Organizational structure

Perhaps the biggest difference between locations was that UC Risk and Safety Solutions has very rapidly expanded from 7 to 55 employees in six years. Their organizational structure is designed to adapt readily to serve new projects and services. As new self-organizing teams form in response to new demands, their first task is to give themselves a name. Creating new teams and physically moving offices is simplified by having open and flexible furniture, in addition to using IP based phones like Skype. UC Risk and Safety Solutions has built a flat organizational structure, maintaining an approximate 22-to-1 individual-to-supervisor ratio. Attendees reflected on how successful Scrum teams can take shape in both traditional/hierarchical and flat organizations.

Continuous improvement

Training, learning, and growing are key for both campuses in adopting Scrum and continually improving. UC Risk and Safety Solutions has brought trainers and consultants on-site to train large groups at a time, hastening the spread of Agile best practices. UCI holds regular meetings where Scrum masters discuss recent challenges, facilitation tools, and process improvements.

Our take aways

During the short five hours together we covered many topics and generated excitement. Attendees returned to their regular work with many ideas for improvement, including mob/pair programming, tools for UX design, devops, training, flat organizational structures, self-organization, 360 degree reviews, and even whiteboard paint.

We know this is just the beginning of a dialog between campuses around Agile best practices.

Comments (3)

  1. Tim Holmes

    I can only speak from my own experience, but I take issue with the statement “however, it is not uncommon for user experience designers, business analysts, or even the team supervisor to have this role” regarding who is the product owner.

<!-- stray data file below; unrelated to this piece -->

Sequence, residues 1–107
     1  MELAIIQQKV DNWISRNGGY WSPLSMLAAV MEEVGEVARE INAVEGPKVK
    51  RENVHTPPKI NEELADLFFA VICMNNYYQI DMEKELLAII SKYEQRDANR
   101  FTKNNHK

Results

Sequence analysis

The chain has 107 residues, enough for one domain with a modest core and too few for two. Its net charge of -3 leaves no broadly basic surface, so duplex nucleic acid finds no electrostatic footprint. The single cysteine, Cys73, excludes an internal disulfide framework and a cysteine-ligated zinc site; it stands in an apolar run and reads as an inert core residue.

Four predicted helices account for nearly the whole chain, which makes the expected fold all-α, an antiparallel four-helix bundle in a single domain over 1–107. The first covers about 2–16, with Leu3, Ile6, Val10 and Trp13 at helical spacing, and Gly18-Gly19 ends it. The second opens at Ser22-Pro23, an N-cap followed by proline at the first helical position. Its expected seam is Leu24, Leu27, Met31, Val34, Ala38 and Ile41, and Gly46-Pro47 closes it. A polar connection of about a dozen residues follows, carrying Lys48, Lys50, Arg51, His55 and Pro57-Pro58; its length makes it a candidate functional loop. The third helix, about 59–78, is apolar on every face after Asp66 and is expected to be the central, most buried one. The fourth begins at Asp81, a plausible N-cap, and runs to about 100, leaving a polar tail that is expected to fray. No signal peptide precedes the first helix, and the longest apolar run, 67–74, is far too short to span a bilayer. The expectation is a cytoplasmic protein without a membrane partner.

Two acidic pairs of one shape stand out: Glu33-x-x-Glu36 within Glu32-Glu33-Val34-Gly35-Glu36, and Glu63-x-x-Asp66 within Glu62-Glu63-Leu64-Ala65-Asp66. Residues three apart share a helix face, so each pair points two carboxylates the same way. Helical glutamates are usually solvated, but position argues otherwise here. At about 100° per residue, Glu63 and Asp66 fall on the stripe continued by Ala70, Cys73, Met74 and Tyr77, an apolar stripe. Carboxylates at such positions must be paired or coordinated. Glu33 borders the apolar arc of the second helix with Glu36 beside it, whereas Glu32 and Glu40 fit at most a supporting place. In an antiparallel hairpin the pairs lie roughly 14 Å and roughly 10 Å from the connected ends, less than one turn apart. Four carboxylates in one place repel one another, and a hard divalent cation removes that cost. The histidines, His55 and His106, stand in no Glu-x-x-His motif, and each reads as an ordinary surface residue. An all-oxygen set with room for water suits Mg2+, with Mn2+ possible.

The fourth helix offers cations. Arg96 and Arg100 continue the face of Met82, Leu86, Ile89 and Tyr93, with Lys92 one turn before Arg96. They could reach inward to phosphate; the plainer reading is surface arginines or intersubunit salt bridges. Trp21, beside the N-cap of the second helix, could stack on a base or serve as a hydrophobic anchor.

In some circumstances, a person internal to the IT department might act as a proxy for the true product owner, but the scrum process cannot be effective without someone on the client side taking responsibility for identifying priorities and relaying functionality requirements. There must be a continual exchange of ideas between the team and the product owner.

  2. Tom A

    This type of information sharing & support of each other as we develop more campus-led shared services is the type of leadership we hope to encourage across the system. Sessions like these promote working relationships between locations and increase our ability to build strong, diverse & agile teams that can respond to the changing needs of our campus & health system environments. Kudos to the teams on your initiative & drive for excellence!


  3. Max Garrick

    Hi Tim,

    I think you raise an interesting point: the effectiveness of Scrum teams depends in part on the quality of communication between Scrum team and business stakeholders. If we aren’t talking with the business side, then we make sub-optimal priority decisions and will likely end up with a product that is less useful to users.

    My experience on the UC Recruit team has highlighted the importance of having a Product Owner who is active in conversations with the business side. While our Product Owner resides at UC Irvine’s Office of Information Technology, she is in constant communication with stakeholders from across the system including the UC Recruit Governance Board.

    The UC Recruit Governance Board is composed of Academic Personnel and Diversity officers from the 10 campuses plus the Office of the President. Periodically the Governance Board will prioritize broad project initiatives while a smaller Subject Matter Expert group will define and prioritize individual user stories. This provides our team with an important reassurance that we’re focused on delivering the right functionality — one essential element of highly effective teams.